My Chemical Romance

My Chemical Romance

I Brought You Bullets, You Brought Me Your Love

Eyeball

There’s a ton of hype surrounding My Chemical Romance’s forthcoming major label debut for Reprise, due out later this month. Spin declared them an artist to watch for in Fiscal Year ’04. Boy, I bet you can’t wait to hear how bad their recently re-released debut is, can you? See? Already you’re anticipating the pain.

Well, if you think I’m going to bash this record, throw down everything major label and declare anything that has ever aired on MTV to be unholy, you’re going to be disappointed. I Brought You Bullets, You Brought Me Your Love is a surprisingly original, ungodly fun album, and the band deserves the attention they’re about to receive for a record that couldn’t be more radio friendly if it was Blink-182. Although many are quick to label this as just another emotive punk band with horribly clich•d, overdramatic wordplay, they are seriously selling MCR short.

Having been produced by teary-eyed Thursday frontman Geoff Rickley, one might expect MCR’s debut disc for Eyeball — for whom Thursday themselves released “Waiting” before being snatched up by Victory — to be yet another entry in the emocore scene. Although they certainly do borrow from that sound, they’ve managed to twist it around and infuse enough of themselves into it to create their own monster. In fact, it seems clear that while Rickley and company spent their formative years listening to Joy Division, these guys were probably holed up in auto shop head banging to early Misfits records.

Darkly humorous lyrics (mostly using references to the supernatural as metaphoric devices), pseudo-thrash-metal guitar riffs, late night monster movie dark comedy kitsch and intentional theatrics would push the band over the edge into cheese territory if it just wasn’t so goddamn fun. If they’re trying to be serious about their lyrics, they’re seriously bad. After a few listens, you have to figure it’s all tongue in cheek. Boys Night Out and Alkaline Trio fans will be in familiar territory here (in sound as well as lyrical content).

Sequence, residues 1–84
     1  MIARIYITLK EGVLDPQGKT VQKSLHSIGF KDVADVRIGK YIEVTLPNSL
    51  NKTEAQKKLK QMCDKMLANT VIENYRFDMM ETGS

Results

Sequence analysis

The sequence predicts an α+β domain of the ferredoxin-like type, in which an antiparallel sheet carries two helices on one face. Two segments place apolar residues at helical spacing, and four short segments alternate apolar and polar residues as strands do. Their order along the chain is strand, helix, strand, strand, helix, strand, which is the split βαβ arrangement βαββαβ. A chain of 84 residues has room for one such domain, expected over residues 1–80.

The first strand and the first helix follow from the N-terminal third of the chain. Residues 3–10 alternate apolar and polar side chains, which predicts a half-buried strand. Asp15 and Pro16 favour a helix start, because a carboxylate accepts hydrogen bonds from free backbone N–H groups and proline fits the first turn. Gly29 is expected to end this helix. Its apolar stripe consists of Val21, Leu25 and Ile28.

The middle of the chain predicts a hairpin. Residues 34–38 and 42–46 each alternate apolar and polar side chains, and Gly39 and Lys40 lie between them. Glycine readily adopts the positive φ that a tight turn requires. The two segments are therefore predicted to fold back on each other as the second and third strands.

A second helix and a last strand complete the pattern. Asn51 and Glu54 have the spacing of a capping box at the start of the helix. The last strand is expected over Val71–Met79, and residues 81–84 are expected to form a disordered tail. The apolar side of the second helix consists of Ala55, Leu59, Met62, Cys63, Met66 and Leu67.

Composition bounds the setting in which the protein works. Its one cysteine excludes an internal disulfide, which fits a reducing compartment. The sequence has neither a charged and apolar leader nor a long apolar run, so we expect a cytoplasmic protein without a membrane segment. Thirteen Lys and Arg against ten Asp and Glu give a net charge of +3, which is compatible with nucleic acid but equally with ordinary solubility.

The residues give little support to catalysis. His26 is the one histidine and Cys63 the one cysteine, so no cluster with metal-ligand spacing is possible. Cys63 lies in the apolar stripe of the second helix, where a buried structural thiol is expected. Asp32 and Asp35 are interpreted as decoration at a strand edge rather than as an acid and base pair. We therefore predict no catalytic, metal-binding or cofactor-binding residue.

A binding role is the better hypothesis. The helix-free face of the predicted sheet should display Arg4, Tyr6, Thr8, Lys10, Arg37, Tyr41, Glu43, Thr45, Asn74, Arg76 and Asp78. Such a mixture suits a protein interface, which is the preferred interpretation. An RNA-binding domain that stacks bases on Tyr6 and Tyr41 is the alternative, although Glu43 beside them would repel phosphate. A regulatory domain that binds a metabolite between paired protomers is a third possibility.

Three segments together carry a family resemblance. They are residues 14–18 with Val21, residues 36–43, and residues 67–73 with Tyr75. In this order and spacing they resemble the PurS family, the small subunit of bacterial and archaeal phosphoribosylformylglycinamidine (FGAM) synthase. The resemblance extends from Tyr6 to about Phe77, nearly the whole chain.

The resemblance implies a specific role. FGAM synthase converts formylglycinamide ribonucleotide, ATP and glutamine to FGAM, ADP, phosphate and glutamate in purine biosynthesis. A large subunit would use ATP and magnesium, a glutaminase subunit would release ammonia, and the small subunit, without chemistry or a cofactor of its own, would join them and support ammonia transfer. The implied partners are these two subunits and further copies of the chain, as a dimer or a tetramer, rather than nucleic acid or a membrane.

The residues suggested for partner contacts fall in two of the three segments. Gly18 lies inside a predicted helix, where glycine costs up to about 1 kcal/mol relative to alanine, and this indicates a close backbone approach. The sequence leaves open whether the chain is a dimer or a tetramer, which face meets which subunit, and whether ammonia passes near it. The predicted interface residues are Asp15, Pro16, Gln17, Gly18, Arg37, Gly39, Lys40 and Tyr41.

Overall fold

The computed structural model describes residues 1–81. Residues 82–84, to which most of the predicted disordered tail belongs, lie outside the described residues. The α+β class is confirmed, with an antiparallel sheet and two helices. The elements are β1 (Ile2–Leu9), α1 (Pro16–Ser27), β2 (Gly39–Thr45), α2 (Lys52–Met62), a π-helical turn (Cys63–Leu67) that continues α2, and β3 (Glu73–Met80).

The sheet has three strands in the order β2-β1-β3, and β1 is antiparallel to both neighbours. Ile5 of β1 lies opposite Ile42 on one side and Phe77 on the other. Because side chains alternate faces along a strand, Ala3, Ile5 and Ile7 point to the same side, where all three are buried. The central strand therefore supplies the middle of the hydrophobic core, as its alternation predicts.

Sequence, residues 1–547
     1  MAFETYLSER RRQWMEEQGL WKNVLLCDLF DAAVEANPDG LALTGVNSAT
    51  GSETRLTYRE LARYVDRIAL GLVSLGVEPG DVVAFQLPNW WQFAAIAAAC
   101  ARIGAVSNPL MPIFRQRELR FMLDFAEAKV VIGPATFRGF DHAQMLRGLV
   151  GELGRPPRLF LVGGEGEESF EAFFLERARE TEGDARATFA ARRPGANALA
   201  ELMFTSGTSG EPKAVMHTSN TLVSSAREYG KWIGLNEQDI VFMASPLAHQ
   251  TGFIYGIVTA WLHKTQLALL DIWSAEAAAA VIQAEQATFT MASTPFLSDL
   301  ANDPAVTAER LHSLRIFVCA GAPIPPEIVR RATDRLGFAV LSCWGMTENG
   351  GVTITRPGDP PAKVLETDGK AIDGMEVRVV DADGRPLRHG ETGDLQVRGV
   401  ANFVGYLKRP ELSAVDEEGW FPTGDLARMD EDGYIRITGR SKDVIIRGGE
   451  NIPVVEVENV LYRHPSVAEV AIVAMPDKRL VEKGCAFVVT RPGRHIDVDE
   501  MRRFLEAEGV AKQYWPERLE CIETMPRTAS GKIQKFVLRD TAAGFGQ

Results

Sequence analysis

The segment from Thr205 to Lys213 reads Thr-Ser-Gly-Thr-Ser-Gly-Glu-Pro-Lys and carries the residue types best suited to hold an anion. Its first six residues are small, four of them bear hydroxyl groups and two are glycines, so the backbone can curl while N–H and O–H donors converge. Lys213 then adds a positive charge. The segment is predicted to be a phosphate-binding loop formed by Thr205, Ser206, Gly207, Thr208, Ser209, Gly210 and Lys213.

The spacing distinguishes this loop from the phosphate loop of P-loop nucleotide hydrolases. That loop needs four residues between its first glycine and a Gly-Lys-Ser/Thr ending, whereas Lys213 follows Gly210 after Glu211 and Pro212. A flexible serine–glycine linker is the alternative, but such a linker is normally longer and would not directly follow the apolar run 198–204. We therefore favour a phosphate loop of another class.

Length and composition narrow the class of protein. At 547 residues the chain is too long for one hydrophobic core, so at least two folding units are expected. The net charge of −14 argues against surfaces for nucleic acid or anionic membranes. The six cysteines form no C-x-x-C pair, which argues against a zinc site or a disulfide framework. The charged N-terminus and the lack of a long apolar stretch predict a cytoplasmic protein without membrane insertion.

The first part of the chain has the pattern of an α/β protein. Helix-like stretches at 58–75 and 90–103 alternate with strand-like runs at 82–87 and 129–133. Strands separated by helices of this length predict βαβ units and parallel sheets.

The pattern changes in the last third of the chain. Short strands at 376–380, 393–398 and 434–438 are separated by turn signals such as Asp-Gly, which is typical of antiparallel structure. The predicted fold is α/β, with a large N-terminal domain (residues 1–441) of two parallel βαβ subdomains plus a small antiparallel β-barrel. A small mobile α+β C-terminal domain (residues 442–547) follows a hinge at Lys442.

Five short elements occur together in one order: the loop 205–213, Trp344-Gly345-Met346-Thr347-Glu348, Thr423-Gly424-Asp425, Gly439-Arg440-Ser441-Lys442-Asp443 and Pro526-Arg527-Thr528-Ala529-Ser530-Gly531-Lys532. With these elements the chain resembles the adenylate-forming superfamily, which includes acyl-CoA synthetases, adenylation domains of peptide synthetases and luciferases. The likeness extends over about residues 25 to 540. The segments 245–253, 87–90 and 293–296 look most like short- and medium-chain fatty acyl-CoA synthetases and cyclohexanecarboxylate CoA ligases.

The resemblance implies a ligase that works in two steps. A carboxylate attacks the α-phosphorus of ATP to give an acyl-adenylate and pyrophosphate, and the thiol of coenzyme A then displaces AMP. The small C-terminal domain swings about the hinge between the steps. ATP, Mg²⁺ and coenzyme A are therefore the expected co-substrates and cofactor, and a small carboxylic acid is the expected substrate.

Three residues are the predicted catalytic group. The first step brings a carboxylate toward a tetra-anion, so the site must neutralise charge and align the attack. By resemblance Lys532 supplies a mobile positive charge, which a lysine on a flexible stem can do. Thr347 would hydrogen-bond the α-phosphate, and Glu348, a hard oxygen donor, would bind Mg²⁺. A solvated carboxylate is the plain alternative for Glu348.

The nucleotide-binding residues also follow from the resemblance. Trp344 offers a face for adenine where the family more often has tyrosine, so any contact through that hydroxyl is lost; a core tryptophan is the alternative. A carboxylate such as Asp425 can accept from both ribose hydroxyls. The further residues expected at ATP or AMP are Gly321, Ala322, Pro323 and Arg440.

Just listen to “Vampires Will Never Hurt You,” and tell me it’s not fantastic. It’s about vampires, for Christ’s sake! It’s fucking great. “Early Sunsets Over Munroeville,” which seems to be about George Romero’s classic Dawn Of The Dead film, is bizarre, but undeniably fun. I don’t think I’ve ever heard a classic monster movie summarized in such serious, embattled, oddly moving words. Frontman Gerard Way wields a voice that rivals Rickley’s own in terms of desperation, while the band lays it down on the record as if it was their last night (as humans) on earth. Fantastic I say.

Congratulations guys, and I’m looking forward to hearing your Reprise debut. But be warned: the record industry is a larger, uglier and infinitely more powerful monster than anything you’ve encountered so far. We’re pulling for you.

My Chemical Romance: www.mychemicalromance.com/ • Eyeball Records: www.eyeballrecords.com/

Leave a Comment

Your email address will not be published. Required fields are marked with *

Cancel reply

Recently on Ink 19...

  • Preservation Hall Jazz Band
    Preservation Hall Jazz Band

    So It Is (Legacy). Review by Bob Pomeroy.

  • From Montenegro to Moldova: The Best of SEEFest 2017
    From Montenegro to Moldova: The Best of SEEFest 2017

    For the twelfth year, the South East European Film Festival (SEEfest) in Los Angeles showcased an impressive lineup of new features and shorts. Lily and Generoso Fierro provide a festival wrap up and their picks for the films that you cannot miss.

  • Justin Townes Earle
    Justin Townes Earle

    Kids In The Street (New West Records). Review by James Mann.

  • Christian Scott
    Christian Scott

    Rebel Ruler (Ropeadope / Stretch Music). Review by Bob Pomeroy.

  • Kivanç Sezer
    Kivanç Sezer

    Turkish director Kivanç Sezer’s powerful debut feature, My Father’s Wings, puts the spotlight on the workplace safety crisis that is currently taking place in his homeland. Lily and Generoso Fierro spoke with Sezer at SEEFest 2017 about his film and his need to draw attention to this issue.

  • Temples
    Temples

    Supporting their just-released sophomore record, UK synth-pop poster boys, Temples, attracted an SRO crowd to one of Orlando’s premier nightspots.

  • Rat Film
    Rat Film

    Baltimore. Rats. A match made in Maryland.

  • Bishop Briggs
    Bishop Briggs

    Bishop Briggs brings a stacked bill of up and comers to Orlando for a sold-out party at The Social. Jen Cray joins in the fun.

  • Rumble: The Indians Who Rocked The World
    Rumble: The Indians Who Rocked The World

    There’s more than black music influencing the evolution of Rock and Roll. Native American rhymes and ideas are every bit as significant, once you know to look for them.

  • Keith Morris
    Keith Morris

    Ink 19 slings a few questions to the punk rock pioneer Keith Morris on Trump, Calexit and looking back.

From the Archives